Chief Judge – Quechan Tribal Court

JOB TITLE:             Chief Judge, Quechan Tribal Court
SALARY:                 $60,000 – $65,000 per year
SUPERVISION:       Quechan Tribal Council
TERM:                    Three (3) year appointment.
OPENING DATE:     November 30, 2009
CLOSING DATE:     Open Until Filled – First Review December 18, 2009 

QUALIFICATIONS

  • Twenty-five years of age or older
  • Minimum of two years’ of college-level courses a four‑year degree is preferred but work experience as a court employee, particularly in a tribal court system, can be substituted for education (one calendar year work experience = one school-year education experience)
  • Must be of good moral character and integrity with no felony convictions and no misdemeanor convictions within one year.
  • Proficient in reading, analyzing and applying case and statutory law to the facts of a case. 
  • Must be capable of preparing papers and reports incidental to the office of judge and demonstrate knowledge of and ability to interpret, the Quechan Law and Order Code.
  • Must have a good understanding of tribal, federal and state law and court procedure in criminal and civil proceedings and must be particularly knowledgeable about federal Indian law and the rights of Indians and Indian tribes. 

MINIMUM QUALIFICATIONS

An enrolled member of any tribe, or

  • The parent, child, or spouse of an enrolled member of the Quechan Tribe, or
  • Domiciled within the Fort Yuma Indian Reservation, or
  • An Attorney

DUTIES

The duties of the Chief Judge include, but are not limited to, the following:

  • Conducting court sessions in civil and criminal cases.
  • Efficient management of the Tribal Court systems docket so that all cases are heard in a timely and just manner.
  • Supervision and training of court personnel and the establishment of court rules and administrative procedures to aid in the efficient administration of the Tribal Court system.
  • Attending regional and national training for tribal court judges and other judicial training programs.
  • Overall administration of the Quechan Tribal Court system.

SKILLS

The required skills of the Chief Judge include, but are not limited to the following:

  • Arbitrating disputes, advising counsel, litigants and juries of applicable law and court procedures.
  • Understanding, interpreting and applying tribal law, and if and when applicable or persuasive, in the absence of applicable tribal law, federal or state law.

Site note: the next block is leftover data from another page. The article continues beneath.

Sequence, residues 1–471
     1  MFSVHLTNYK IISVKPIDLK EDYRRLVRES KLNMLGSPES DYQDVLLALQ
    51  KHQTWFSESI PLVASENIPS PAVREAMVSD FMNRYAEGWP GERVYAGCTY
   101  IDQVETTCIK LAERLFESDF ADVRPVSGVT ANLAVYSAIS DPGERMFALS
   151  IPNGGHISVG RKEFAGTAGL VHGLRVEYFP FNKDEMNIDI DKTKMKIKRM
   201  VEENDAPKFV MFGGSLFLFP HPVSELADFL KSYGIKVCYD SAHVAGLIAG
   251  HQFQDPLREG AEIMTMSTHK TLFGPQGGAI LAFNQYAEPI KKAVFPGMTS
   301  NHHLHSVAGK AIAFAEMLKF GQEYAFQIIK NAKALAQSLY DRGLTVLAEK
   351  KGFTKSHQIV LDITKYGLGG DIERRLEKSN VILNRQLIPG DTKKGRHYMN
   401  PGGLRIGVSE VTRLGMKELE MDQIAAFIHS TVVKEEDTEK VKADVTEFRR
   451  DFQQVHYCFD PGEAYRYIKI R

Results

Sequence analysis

• Understanding pleadings, application of rules of evidence, the judicial process, including   but not limited to, before, during and after trial, and preliminary proceedings.
  • Writing judicial opinions or orally explaining judicial opinions to litigants from the bench.
  • The ability to work with other professionals, including, but not limited to, attorneys, social workers, psychologists, police officers, judges from other courts, court personnel, and other representatives of the court and governments of other Indian tribes, the State of Arizona and other states and the United States.
  • Prepare written reports to the Tribal Council and for the Bureau of Indian Affairs (BIA).

FOR MORE INFORMATION AND TO APPLY:

Submit a letter of interest, resume and a legal writing sample and three letters of reference to: 

Quechan Indian Tribe
Human Resource Department
350 Picacho Road, Winterhaven, CA 92283
Telephone: (760) 572-0213  

Mailing Address:
Quechan Indian Tribe
Human Resource Department
P. O. Box 1899, Yuma, AZ 85366
Fax: (760) 572-0515

(All resumes must be accompanied by a Tribal Application)

All offers of employment are conditional on the successful completion of a drug test and background investigation.  Preference in filling vacancies is given to qualified Indian Candidates in accordance with the Indian Preference Act (Title 25, U.S. Code, Sections 472 & 473).  Applicants claiming Native American Preference must present valid evidence of Tribal Affiliation.  In other than the above, the Quechan Tribe is an Equal Opportunity Employer.  The Quechan Tribe adheres to the Drug-Free Workplace Act of 1988.

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Works for the Tribal Law & Policy Institute as a web developer.

Posted in California Native Issues

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